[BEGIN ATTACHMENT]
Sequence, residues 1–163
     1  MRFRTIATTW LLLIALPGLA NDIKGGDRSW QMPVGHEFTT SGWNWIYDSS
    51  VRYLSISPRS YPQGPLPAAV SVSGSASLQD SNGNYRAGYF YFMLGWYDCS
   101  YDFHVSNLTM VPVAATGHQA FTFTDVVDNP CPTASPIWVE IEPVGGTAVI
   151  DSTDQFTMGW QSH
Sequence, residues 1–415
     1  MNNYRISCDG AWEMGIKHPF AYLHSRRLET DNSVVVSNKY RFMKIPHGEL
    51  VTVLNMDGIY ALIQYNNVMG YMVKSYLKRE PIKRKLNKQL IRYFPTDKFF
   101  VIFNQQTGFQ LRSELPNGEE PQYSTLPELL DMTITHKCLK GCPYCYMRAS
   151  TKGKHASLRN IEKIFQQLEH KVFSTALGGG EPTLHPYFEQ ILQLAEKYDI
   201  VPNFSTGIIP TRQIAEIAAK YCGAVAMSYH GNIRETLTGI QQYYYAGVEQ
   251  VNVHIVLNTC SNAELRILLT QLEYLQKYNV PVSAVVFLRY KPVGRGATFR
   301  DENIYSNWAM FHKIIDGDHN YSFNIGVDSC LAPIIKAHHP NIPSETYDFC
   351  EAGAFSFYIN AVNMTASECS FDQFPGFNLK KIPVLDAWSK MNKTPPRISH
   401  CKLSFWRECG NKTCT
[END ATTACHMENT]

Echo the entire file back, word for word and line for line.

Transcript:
Sequence, residues 1–163
     1  MRFRTIATTW LLLIALPGLA NDIKGGDRSW QMPVGHEFTT SGWNWIYDSS
    51  VRYLSISPRS YPQGPLPAAV SVSGSASLQD SNGNYRAGYF YFMLGWYDCS
   101  YDFHVSNLTM VPVAATGHQA FTFTDVVDNP CPTASPIWVE IEPVGGTAVI
   151  DSTDQFTMGW QSH
Sequence, residues 1–415
     1  MNNYRISCDG AWEMGIKHPF AYLHSRRLET DNSVVVSNKY RFMKIPHGEL
    51  VTVLNMDGIY ALIQYNNVMG YMVKSYLKRE PIKRKLNKQL IRYFPTDKFF
   101  VIFNQQTGFQ LRSELPNGEE PQYSTLPELL DMTITHKCLK GCPYCYMRAS
   151  TKGKHASLRN IEKIFQQLEH KVFSTALGGG EPTLHPYFEQ ILQLAEKYDI
   201  VPNFSTGIIP TRQIAEIAAK YCGAVAMSYH GNIRETLTGI QQYYYAGVEQ
   251  VNVHIVLNTC SNAELRILLT QLEYLQKYNV PVSAVVFLRY KPVGRGATFR
   301  DENIYSNWAM FHKIIDGDHN YSFNIGVDSC LAPIIKAHHP NIPSETYDFC
   351  EAGAFSFYIN AVNMTASECS FDQFPGFNLK KIPVLDAWSK MNKTPPRISH
   401  CKLSFWRECG NKTCT